A presentation entitled “Avoiding Random Acts of Conservation” recently came across my desk and my first thought was, Why would anyone want to do that?
The point of the presentation was that by avoiding random acts of conservation, we ensure that resources provided for conservation are used strategically and outcomes are evaluated efficiently, but we also create a barrier to entry, exacerbating the growing distance between people and nature. The presentation had an important message for conservation professionals, but an unfortunate title for everyone else engaged in efforts to improve our natural world.
Imagine if random acts of kindness were strategic, objective-based and measurable. Little old ladies would be abandoned, forced to cross the road by themselves. The injured and old compelled to stand on crowded trains. Doors no longer held open for the burdened. Tips for services no longer rendered. A generation would emerge for whom kindness becomes something that is done by organizations with core competencies in the practice of kindness, and the resources to set kindness objectives and measure the outcomes.
Levity aside, my point is a serious one. The distance between humanity and the natural world is large and growing. Studies, books, presentations and TED talks illustrate this fact. According to the United Nations, more than half the world’s population is now living in cities, migrating further and further from natural places. A recent report on outdoor recreation in the U.S. shows that participation in outdoor activities has fallen and that the biggest motivation today to get outside is not exploration of nature, but getting exercise to overcome a sedentary lifestyle. Across the planet, efforts are underway to encourage children to spend unstructured time in nature following studies that find technology, perceptions of danger and lack of easy access to the outdoors all culpable in keeping a generation of children indoors.
The language we use accelerates the growth of this distance. A child will not rejoice installing a unit of carbon sequestration, but will always remember the first tree they plant. A school group will never fondly recall the productive use of natural capital on a localized basis, but will enjoy the salsa and pesto made from their school gardens. A team of volunteers will never proudly wear t-shirts that proclaim them ecosystem service engineers, but will gather as wildlife teams, river stewards or nature clubs to perform the same acts.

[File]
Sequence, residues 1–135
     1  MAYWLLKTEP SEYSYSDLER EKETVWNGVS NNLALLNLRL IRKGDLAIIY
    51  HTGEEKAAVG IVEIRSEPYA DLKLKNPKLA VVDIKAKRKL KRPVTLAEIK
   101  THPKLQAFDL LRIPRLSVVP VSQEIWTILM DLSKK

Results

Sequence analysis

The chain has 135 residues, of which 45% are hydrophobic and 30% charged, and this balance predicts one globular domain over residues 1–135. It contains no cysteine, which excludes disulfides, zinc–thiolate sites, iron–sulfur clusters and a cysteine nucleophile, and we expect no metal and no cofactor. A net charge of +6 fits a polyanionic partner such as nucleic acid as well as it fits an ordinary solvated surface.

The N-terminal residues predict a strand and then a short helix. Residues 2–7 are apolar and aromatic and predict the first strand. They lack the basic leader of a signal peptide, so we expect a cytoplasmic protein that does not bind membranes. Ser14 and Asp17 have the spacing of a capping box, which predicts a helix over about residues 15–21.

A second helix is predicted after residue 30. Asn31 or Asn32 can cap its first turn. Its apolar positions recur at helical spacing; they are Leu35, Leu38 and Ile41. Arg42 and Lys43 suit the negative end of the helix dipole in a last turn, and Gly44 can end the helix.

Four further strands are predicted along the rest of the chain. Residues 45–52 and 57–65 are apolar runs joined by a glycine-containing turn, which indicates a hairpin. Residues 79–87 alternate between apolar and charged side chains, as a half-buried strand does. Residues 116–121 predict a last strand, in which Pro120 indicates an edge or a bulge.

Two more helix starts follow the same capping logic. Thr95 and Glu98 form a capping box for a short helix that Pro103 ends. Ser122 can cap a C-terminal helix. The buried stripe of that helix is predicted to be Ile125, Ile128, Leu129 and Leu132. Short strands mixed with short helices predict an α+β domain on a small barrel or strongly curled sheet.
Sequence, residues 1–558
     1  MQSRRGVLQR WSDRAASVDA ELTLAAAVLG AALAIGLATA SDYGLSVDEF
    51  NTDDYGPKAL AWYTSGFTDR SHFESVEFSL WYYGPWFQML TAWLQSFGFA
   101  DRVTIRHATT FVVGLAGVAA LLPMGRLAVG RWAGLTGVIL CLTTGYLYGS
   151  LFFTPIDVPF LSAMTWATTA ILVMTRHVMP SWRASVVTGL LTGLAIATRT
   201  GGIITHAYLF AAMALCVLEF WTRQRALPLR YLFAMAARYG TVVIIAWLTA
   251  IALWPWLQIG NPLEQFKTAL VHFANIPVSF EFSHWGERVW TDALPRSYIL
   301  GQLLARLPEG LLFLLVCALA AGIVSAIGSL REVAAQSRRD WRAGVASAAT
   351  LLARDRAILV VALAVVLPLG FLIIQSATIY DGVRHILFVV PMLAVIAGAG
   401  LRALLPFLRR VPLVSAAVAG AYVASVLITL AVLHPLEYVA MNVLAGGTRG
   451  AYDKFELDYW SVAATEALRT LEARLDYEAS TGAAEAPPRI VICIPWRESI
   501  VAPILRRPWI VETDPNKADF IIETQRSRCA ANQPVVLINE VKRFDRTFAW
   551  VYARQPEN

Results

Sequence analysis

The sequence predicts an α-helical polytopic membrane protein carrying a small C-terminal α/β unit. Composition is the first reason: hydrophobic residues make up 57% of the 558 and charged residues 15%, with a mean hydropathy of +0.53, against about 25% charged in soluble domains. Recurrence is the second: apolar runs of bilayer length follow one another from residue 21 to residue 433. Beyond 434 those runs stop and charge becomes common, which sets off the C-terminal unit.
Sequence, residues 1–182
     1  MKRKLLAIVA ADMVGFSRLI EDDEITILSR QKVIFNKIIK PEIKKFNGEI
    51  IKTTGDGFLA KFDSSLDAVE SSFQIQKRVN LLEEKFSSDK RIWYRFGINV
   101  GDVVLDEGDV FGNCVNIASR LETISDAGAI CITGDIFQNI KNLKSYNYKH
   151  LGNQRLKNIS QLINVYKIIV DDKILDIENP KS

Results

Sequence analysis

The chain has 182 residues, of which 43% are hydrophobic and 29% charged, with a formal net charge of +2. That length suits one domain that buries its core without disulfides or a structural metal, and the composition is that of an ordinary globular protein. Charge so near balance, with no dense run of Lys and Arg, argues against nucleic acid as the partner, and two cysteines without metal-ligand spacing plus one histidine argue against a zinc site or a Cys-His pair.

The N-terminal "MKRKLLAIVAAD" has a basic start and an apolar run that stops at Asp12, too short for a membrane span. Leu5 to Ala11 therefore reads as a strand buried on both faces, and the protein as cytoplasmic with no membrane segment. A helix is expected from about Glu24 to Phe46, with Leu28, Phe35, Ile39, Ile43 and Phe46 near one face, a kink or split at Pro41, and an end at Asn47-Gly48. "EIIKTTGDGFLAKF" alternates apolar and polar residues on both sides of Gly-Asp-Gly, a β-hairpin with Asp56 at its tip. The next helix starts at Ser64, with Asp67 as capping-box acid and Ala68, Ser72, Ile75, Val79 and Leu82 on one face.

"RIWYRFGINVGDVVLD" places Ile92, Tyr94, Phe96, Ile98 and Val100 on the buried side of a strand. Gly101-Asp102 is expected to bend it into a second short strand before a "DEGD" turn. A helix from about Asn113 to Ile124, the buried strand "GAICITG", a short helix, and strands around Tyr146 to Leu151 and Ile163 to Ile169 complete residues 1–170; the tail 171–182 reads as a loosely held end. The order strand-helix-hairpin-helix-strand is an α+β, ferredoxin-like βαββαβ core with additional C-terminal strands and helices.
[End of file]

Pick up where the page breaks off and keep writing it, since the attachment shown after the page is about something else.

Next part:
We need to call nature back. Let’s bridge the growing distance, arresting some of the trends or at least mitigating their impacts, not just on nature but also on future generations of nature lovers. Let’s celebrate random acts of conservation and ensure that children, volunteers and others see a role for themselves in making a difference in small but significant ways.
The Wildlife Habitat Council, along with our members and partners, is doing its part. At our 26th Annual Symposium in November, over 400 individuals engaged in random and non-random acts of conservation gathered to celebrate their individual and cumulative impacts on nature through projects as simple as pollinator gardens and trails, to more complex efforts like wetlands restoration, site cleanup and restoration and reclamation projects.
During our awards banquet, extraordinary efforts are honored not only for their contribution to conservation, but also their efforts to engage employees and community:
These examples represent four of the more than 100 newly certified and re-certified projects we recognized at our Symposium this year which, when added to existing efforts, brings the efforts of our members and their employees to over 800 acts of conservation worldwide. Each one serves to call nature back by giving it a place to thrive in a corporate setting and connecting people through access, education and recreation. These acts of conservation are truly worth celebrating.